They were all being fully charged with ‘poisoned gas’. The auctioneer received a few dozen in the face, on the back of the head, on his tie, collar and shirt. In fact, in a very short space of time he was plastered. 

But the irregulars were not allowed to escape and scores were seen with their heads hanging over an adjoining fence quite overcome by the deadly fumes of their own gas attacks. 

Further supplies of ammunition were brought up to a raucous chorus of ‘Rule Britannia’ and the National Anthem. 

The auctioneer attempted to carry on with the sale but slowly he was forced to the shores of the local horse pond. 

It was then P.c. Breeze, the local constable, made his presence felt and handled a very difficult situation with the greatest tact and courage. 

There is not much more to tell of the story of a stack. It still stands where it did before the battle commenced. 

The auctioneer having sold the stack closed his book & sought the shelter of the pantechnicon.  

It was not until he arrived in Wilburton, where everyone leads a peaceable, respectable, uneventful and righteous life, that he was able to get rid of his battle scars. 

Ely Sewage escape - August 29th 1924 

Photo: Annesdale c 1911

Photo: Annesdale c 1911 - Credit: Archive

The Ely Surveyor had been called by Atkin, the sewer man, who said that the flap at the sewage works tank had been let down by boys. 

The whole of the Ely sewage was being held up along the low level.  

He went to Annesdale to open the storm outlet and found the water standing two feet below the top of the brickwork in the manhole.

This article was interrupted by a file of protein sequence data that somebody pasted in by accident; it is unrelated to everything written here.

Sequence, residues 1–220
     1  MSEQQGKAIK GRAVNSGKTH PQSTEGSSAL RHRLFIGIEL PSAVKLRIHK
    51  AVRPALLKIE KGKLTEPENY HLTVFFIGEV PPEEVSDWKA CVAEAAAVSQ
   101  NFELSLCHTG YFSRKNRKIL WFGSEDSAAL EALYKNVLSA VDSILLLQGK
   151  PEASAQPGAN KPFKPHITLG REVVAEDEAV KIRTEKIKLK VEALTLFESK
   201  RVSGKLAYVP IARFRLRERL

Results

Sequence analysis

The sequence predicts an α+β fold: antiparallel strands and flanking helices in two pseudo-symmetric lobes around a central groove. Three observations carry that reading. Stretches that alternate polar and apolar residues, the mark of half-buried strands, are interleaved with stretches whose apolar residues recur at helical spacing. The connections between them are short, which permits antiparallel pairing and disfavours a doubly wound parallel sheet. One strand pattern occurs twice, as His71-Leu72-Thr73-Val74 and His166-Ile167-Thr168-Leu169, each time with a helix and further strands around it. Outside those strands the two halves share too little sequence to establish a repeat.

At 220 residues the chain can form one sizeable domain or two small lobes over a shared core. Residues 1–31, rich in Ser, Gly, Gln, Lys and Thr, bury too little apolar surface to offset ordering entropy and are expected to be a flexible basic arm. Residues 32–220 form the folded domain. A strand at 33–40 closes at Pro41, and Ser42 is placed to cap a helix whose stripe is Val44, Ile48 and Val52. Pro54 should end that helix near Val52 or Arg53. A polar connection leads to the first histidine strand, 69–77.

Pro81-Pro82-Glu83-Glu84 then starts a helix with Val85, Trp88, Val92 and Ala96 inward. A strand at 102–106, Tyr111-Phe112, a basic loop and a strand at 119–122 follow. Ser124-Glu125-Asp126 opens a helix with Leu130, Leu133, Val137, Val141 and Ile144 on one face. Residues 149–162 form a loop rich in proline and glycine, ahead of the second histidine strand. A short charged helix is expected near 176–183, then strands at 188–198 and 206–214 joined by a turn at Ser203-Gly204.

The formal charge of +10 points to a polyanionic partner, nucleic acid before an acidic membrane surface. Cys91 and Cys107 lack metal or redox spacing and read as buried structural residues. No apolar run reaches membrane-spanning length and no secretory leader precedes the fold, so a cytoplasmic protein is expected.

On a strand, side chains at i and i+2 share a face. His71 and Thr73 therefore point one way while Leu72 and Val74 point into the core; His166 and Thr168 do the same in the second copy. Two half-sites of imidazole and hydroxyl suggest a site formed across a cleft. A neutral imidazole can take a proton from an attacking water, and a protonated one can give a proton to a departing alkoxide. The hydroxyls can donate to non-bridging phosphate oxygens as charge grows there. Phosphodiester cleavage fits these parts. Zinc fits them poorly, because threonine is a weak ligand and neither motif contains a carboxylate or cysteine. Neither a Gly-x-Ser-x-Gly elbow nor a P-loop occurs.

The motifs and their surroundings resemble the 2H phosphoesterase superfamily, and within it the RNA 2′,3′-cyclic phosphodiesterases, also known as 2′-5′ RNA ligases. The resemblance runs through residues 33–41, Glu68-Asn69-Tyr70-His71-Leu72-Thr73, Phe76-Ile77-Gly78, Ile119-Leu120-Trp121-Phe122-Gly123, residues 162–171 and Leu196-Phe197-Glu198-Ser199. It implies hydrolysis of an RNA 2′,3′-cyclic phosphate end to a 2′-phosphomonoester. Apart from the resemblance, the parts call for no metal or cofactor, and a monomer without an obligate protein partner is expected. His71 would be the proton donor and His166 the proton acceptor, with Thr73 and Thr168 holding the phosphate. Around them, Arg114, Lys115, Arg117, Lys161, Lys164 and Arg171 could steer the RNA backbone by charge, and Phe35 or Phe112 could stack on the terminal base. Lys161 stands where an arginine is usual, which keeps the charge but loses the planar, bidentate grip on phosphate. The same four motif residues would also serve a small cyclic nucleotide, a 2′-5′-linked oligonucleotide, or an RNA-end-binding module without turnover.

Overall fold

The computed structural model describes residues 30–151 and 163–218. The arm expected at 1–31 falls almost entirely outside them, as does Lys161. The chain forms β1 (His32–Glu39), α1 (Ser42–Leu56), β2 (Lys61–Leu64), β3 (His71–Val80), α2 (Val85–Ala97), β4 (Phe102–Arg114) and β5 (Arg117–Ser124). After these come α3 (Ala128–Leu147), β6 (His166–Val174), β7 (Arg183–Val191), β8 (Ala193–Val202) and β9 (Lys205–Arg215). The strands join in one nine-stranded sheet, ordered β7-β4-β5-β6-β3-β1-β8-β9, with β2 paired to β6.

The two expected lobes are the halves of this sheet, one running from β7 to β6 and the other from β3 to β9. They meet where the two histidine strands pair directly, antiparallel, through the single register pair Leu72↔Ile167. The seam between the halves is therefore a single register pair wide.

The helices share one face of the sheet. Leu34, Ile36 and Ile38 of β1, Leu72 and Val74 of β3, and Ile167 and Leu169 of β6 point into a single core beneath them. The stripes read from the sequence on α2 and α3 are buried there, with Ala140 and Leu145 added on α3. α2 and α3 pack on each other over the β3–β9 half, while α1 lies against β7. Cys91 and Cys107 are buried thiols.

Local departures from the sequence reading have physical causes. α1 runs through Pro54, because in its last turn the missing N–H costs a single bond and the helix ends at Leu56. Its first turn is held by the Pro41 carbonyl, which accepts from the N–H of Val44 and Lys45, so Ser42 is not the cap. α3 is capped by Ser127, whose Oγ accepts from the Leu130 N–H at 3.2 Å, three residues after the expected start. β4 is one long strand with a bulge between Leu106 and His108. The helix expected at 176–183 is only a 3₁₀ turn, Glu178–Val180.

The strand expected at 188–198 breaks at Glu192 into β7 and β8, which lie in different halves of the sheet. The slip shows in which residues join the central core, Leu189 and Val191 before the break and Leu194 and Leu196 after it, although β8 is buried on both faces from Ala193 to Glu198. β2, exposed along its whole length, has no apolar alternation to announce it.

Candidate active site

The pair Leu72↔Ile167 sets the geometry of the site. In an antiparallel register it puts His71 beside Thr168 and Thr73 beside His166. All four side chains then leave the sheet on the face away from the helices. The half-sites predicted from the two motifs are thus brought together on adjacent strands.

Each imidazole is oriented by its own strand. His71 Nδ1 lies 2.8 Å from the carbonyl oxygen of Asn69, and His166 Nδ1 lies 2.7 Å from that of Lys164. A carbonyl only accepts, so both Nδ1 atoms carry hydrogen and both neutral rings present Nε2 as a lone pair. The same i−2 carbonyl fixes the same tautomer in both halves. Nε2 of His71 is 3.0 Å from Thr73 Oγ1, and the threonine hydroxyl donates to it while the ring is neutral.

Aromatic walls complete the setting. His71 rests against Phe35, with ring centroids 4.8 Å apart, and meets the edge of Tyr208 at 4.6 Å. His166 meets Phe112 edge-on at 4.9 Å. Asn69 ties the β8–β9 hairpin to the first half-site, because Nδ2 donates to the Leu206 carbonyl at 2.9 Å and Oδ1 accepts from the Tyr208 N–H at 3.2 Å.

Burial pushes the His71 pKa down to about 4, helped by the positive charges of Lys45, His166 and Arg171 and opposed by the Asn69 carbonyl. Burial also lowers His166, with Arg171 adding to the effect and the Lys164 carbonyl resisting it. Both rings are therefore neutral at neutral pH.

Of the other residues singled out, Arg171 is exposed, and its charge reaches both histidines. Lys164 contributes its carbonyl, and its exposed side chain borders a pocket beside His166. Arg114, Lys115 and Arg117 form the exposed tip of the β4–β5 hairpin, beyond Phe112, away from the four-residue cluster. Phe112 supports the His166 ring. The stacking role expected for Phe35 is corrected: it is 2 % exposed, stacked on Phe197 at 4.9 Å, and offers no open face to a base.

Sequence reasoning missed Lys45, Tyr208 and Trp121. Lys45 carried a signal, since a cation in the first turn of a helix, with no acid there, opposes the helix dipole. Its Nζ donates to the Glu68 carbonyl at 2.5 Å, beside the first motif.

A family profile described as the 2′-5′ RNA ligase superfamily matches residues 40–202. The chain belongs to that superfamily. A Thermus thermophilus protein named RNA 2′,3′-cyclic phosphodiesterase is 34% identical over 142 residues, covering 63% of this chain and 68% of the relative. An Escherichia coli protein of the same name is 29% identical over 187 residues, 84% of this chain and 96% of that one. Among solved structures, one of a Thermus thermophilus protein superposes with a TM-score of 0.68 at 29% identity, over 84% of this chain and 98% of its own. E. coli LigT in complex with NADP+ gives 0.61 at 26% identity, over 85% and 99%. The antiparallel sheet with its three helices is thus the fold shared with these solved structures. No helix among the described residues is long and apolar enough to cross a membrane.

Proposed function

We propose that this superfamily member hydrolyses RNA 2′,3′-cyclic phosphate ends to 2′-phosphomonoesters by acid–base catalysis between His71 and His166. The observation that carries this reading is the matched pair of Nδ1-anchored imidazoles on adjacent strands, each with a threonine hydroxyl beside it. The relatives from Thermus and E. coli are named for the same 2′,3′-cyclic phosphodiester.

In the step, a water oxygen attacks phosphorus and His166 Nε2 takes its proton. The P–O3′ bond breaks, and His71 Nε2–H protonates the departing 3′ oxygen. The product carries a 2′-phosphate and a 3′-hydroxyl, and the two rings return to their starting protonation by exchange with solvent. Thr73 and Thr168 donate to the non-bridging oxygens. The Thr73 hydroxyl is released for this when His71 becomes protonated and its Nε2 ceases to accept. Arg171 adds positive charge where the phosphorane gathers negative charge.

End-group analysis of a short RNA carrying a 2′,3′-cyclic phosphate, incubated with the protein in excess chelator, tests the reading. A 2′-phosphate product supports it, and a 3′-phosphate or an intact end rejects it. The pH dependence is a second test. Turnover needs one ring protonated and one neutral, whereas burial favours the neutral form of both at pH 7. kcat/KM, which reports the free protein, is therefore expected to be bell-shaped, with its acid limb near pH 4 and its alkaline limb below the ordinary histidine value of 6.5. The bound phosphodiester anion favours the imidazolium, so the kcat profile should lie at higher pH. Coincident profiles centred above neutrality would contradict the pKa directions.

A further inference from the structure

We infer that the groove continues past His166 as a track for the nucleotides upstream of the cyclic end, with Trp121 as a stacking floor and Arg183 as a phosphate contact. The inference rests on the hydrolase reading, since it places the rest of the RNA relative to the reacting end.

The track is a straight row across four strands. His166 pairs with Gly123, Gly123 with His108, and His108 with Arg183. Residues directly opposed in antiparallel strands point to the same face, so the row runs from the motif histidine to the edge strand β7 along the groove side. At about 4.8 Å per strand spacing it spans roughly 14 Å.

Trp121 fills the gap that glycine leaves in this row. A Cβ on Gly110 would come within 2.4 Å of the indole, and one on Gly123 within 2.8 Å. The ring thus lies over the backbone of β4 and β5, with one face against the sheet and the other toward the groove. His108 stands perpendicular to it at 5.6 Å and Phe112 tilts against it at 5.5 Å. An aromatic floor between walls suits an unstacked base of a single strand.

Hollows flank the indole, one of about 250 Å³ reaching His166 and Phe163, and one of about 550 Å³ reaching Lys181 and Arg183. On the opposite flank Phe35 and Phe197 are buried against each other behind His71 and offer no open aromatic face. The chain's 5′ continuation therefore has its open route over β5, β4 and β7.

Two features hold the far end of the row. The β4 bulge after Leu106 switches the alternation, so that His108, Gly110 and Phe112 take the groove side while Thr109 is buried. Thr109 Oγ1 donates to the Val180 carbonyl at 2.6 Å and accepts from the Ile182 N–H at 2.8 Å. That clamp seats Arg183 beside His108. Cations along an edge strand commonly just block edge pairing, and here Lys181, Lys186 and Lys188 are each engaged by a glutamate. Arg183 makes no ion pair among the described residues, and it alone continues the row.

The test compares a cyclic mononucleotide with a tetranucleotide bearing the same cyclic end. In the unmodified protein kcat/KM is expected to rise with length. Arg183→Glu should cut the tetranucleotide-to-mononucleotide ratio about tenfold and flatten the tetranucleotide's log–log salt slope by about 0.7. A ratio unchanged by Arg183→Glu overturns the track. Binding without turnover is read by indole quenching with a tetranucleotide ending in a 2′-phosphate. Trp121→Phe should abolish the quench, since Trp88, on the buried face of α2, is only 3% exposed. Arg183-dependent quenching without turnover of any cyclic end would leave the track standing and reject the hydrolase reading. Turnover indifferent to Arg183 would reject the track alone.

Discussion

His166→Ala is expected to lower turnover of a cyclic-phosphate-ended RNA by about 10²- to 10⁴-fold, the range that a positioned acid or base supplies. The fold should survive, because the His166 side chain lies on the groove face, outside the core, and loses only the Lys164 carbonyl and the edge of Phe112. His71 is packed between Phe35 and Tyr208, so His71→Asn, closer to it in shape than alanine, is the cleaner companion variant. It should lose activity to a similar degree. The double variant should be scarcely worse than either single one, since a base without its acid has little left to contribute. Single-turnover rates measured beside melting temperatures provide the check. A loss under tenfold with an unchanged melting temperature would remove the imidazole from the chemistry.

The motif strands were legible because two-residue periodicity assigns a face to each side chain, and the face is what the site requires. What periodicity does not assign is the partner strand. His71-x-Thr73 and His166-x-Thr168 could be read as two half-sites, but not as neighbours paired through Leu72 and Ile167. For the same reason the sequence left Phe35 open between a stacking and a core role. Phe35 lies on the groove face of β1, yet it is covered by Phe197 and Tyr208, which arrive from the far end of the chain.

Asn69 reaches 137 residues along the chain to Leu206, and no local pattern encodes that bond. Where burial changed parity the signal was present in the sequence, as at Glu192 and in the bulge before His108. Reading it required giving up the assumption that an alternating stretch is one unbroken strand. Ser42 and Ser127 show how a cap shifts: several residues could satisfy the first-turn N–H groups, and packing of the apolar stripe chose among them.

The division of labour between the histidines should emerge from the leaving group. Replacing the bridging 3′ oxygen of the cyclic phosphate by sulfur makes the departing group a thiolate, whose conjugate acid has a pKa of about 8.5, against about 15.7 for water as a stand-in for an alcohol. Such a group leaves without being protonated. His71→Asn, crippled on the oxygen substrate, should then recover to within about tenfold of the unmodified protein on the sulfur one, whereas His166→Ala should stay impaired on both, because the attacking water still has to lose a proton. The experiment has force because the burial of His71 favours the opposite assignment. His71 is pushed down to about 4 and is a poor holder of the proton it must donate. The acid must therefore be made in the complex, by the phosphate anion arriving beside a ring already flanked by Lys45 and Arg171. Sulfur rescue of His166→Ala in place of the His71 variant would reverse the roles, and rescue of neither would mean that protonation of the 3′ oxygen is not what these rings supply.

It was impossible to open the flap against the water. 

He therefore had an opening, or grip, cut across the riverbank from the main sewer to let the water escape into the river, and by so doing was able to raise the flap.  

The chains attached to both 18-inch flaps were broken in the attempt to raise them.  

The flap was afterwards raised by means of an iron hook and the chain refixed. He suggested that both the changes be fastened with strong padlocks. 

On the buses 

Burwell and District bus

Burwell and District bus - Credit: Ann Lewis

From Ann Lewis "Burwell and District buses driving to Cambridge, via my home village, Swaffham Prior, 1970s". 

Sheffield fishermen - August 23rd 1889 

 Sheffield fishermen at Ely c1905

Sheffield fishermen at Ely c1905 - Credit: Mike Petty

The cutlers of Sheffield are ardent followers of the "gentle craft" of good old Isaak Walton, and that from year to year it is their habit to visit some well-known district having charms for the angler. 

In August 1889, they have again undertaken a peaceful invasion of the Fens, armed with fishing rods and baskets, trolling lines and landing nets, hooks and bait boxes, and all the implements of the fresh water fisherman.  

Their principal "battle field" as usual was the North Level Drain, but the killed in the piscatorial conflict were fewer than on some previous occasions.